Entertainment Movies Movie Advisor: American Sniper is ‘myopic, racist’
Updated:

Movie Advisor: American Sniper is ‘myopic, racist’

bradley-cooper-american-sniper
Share
Twitter Facebook Reddit Pinterest Email

Steven Spielberg was originally slated to direct American Sniper and rather abruptly left the project to go off and do Roald Dahl’s The B.F.G. (wise decision, Stevie) with the directorial honours then falling to cinema stalwart Clint Eastwood. Working off a seriously under-developed screenplay by Jason Hall (who unbelievably has been nominated for an Oscar), based on the autobiography American Sniper: The Autobiography Of The Most Lethal Sniper in U.S. Military History by the sniper in question, Chris Kyle, Eastwood has fashioned one of the ugliest and most overtly racist films in his career. It’s fair game that this is an American war film but the cinematic crimes committed here are so vulgar I was actually stunned by it, and I wasn’t alone there.

· Wild review: Reese Witherspoon gets gritty
· TV in 2015: from ‘The Affair’ to Winona Ryder
· The Oscars 2015: our top tips revealed

Telling the life story of Kyle (Bradley Cooper, in a muscular turn), he’s a gun shooting, rodeo riding, big proud Texan who just wants to be a cowboy but enlists in the Navy SEAL’s programme after the tragic events of September 11, 2001. Through his completion of the rigorous training program (in scenes reminiscent of Peter Berg’s far more impressive 2013 film starring Mark Wahlberg, Lone Survivor), Kyle’s found to be an excellent marksman and is trained as an elite sniper. Shortly thereafter he marries his newfound sweetheart Taya (Sienna Miller) before knocking her up and getting deployed on the first of four engagements in Iraq. Whilst there, Kyle racks up 160 sniper kills becoming something of a legend amongst both the US military and Al Qaeda, which also makes him a target.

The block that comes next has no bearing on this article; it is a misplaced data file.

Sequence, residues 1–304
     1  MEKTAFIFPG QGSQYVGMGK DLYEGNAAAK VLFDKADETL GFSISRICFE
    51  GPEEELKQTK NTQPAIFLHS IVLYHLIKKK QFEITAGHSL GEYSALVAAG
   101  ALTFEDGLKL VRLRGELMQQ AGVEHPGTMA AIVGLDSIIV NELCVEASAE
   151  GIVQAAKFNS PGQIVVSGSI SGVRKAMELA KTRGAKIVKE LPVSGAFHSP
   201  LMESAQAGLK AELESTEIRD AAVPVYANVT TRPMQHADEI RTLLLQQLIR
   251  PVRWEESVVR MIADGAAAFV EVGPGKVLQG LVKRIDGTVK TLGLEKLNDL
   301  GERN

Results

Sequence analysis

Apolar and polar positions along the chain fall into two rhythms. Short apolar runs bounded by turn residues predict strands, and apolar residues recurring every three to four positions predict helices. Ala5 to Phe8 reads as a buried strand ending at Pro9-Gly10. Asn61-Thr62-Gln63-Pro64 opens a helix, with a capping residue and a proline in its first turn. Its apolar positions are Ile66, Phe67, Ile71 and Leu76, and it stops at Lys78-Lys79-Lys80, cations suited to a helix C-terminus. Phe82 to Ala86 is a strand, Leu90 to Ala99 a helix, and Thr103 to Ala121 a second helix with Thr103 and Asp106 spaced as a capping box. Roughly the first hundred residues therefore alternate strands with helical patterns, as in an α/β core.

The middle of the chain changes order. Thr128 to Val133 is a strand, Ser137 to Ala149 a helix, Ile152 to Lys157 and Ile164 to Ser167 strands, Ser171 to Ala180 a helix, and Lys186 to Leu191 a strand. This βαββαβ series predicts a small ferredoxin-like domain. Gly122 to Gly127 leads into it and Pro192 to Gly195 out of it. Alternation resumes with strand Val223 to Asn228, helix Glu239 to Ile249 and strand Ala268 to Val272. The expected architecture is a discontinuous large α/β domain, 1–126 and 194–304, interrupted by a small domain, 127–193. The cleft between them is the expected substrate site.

Cooper and his on-screen wife Sienna Miller.
Cooper and his on-screen wife Sienna Miller.

The first act of American Sniper acts like a recruitment drive for the American military with some of the most painfully garish scenes involving Kyle’s decision to enlist and the interview with the recruitment officer that follows. I mentioned Lone Survivor previously, a film that manages to temper its patriotism with the personal commitment without ever coming off as browbeating. Eastwood tries to achieve that here, but Berg did it a helluva lot better.